Winsted-Lester Prairie Journal, June 14, 1999
'Dogs and ferrets and snakes, Oh, my' LP council considers animal ordinance
By Luis Puga
The Lester Prairie City Council discussed last Monday what sort of animal ordinance the city should have, if any.
Currently, the only animals the city prohibits are pigs, and it has a two adult dog minimum per household.
However, concern brought up the issue of an ordinance for animals before the issue becomes a problem.
The city began by comparing animal ordinances from other cities. The two that were favored were those of Cosmos and Hopkins. They dealt with farm, exotic, and wild animals, as well as special use permits for housing animals.
However, members of the public were concerned that if the city could not enforce its current ordinances, why should it create a new one.
In particular, the concern was that the dog ordinance was not being enforced, and people present felt that only certain citizens were abiding the laws of the city while others did what they pleased.
Mayor Eric Angvall responded to this claim by stating that despite laws against running stop signs and committing murder, people still break those laws.
He said that it is the hope that most people will abide by the laws and the city is only in a position to do the best it can.
Much of the discussion centered around dogs. While the city has a problem with loose dogs, there is seemingly little that can be done about it.
Most of the council felt that the problem is not exclusive to Lester Prairie, but all cities of all sizes. Add to the issue that the city cannot afford a full-time dog catcher and that many of the dogs may come from outside the city limits, and the problem is an even more insurmountable.
Another concern is what would happen to animals that would be restricted by the ordinance, but are already present.
The council noted that those animals could be grandfathered in as exampled by other city's ordinances, or a period of time could be given to remove the animal.
Dog licenses were discussed. Council member Larry Hoof added that licenses only assure that the dogs have been vaccinated.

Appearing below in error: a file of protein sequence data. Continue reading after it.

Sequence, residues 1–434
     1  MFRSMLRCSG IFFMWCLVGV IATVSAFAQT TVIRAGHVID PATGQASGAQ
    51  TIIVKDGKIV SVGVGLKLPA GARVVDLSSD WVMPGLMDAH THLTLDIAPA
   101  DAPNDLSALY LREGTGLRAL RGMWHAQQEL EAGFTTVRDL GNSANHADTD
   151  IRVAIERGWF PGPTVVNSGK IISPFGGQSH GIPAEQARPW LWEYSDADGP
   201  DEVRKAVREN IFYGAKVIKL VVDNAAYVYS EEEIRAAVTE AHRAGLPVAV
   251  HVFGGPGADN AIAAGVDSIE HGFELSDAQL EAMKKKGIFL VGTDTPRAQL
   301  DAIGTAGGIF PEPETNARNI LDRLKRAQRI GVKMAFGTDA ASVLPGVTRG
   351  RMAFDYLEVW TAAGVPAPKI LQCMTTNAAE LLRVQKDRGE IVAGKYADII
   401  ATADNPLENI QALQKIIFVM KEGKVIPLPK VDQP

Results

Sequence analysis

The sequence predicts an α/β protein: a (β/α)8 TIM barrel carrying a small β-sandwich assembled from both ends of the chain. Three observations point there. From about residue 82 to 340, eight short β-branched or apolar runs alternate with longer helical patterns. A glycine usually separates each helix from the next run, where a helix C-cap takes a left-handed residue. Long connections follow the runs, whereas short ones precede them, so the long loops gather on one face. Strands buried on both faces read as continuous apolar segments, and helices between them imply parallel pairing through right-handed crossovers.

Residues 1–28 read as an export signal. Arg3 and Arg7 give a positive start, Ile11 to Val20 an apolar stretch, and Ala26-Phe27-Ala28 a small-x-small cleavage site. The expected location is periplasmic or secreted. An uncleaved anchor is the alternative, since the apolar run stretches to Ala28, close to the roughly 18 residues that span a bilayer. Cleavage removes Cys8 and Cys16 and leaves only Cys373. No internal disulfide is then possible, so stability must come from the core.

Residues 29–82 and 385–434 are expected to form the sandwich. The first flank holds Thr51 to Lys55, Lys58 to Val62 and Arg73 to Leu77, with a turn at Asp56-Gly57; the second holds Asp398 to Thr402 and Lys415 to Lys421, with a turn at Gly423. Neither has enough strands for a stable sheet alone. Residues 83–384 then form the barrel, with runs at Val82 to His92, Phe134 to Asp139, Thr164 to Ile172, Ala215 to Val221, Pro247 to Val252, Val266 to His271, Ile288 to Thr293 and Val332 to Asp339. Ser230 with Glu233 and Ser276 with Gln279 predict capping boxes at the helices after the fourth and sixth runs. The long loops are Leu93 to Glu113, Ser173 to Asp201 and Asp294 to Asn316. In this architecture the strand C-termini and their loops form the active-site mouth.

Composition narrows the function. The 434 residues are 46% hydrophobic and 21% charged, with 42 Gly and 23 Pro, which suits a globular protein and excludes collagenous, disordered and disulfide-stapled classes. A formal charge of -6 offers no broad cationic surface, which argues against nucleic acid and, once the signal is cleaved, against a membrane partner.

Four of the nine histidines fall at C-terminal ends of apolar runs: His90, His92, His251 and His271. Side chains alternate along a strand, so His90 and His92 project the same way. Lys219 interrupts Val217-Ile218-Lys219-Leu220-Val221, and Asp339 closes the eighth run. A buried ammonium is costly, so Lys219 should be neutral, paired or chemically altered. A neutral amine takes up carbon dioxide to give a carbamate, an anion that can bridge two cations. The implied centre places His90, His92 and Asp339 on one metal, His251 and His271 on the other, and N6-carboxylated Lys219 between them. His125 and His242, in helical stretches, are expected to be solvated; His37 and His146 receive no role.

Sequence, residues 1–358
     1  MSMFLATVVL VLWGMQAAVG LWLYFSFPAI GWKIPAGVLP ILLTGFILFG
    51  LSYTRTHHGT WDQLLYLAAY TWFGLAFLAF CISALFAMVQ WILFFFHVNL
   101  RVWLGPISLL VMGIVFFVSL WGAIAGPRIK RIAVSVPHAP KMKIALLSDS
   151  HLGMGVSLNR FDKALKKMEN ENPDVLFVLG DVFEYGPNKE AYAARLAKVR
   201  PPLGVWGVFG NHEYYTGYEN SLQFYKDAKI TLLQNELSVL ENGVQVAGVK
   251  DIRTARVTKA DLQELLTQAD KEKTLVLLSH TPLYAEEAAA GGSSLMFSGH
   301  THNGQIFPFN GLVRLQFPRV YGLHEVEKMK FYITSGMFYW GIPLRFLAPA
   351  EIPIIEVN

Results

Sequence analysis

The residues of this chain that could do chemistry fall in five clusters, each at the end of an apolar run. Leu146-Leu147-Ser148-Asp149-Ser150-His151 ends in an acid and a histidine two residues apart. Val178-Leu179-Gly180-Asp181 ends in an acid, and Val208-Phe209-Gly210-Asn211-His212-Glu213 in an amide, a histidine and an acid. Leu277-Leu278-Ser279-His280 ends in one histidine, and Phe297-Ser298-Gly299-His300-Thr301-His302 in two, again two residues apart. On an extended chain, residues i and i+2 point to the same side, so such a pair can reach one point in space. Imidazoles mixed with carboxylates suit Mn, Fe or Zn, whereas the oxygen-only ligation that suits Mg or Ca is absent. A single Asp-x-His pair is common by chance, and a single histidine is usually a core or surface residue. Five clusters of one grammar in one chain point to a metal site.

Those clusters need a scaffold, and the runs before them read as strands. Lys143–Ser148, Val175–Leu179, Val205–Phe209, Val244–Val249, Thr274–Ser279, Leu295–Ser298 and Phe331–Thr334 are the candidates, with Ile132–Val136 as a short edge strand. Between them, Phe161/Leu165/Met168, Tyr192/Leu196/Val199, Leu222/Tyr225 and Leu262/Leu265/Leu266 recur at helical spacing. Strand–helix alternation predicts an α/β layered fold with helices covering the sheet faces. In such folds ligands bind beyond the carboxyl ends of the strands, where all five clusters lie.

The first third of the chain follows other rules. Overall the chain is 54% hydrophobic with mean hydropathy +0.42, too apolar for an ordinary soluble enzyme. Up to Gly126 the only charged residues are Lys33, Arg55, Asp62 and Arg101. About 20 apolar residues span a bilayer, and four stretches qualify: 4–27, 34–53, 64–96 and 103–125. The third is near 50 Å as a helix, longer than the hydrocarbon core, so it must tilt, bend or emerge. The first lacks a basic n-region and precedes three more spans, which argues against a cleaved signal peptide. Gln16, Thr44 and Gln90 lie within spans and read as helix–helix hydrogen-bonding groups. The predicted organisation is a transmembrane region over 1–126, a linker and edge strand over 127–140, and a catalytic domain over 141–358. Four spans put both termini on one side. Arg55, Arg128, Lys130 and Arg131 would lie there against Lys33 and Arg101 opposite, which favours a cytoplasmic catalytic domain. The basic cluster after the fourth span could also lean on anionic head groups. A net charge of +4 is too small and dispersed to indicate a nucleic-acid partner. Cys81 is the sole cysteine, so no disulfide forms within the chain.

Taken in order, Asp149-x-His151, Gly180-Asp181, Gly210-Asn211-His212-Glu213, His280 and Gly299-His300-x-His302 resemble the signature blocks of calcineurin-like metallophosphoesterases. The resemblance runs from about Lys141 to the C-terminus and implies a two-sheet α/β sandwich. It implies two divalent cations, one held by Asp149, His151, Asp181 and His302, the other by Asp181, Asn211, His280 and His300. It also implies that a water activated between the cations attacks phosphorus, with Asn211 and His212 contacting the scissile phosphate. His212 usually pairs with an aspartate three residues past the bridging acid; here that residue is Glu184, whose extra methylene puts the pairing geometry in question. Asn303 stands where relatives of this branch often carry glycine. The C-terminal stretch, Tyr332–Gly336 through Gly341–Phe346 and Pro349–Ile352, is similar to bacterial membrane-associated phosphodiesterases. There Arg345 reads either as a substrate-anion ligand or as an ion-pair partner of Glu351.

However, members of the public maintain that incidents have occurred where a person is bit, but that person never finds out if the dog had rabies or not. Another member of the public felt that it was unusual for the city not to have licenses.
Other issues included the mess that dogs make and whether it gets cleaned up. One citizen described how a "chorus of dogs" continues to bark in the early morning hours. Still another problem is people who abandon dogs in the city.
City Clerk Marilyn Pawelk reminded the council that the ordinance was not just about dogs, noting that people also abandon animals such as large snakes and ferrets in town as well.
Again, discussion took place over enforcing the ordinance, and Council Member Roland Bruckschen added that the best way would be to levy fines, since the pocketbook is a universal motivator.
Eventually, Council Member Ron Foust suggested forming a committee to deal with creating an animal ordinance, the details of which will take time to hammer out.
Barry Bondhus volunteered to join, and both Bruckschen and Foust will work on the project. However, both council members noted that they would not be able to address the issue until the summer passes, as their schedules do not permit it. The hope is that the ordinance will be approved by the end of the year, with a first draft done by early September.
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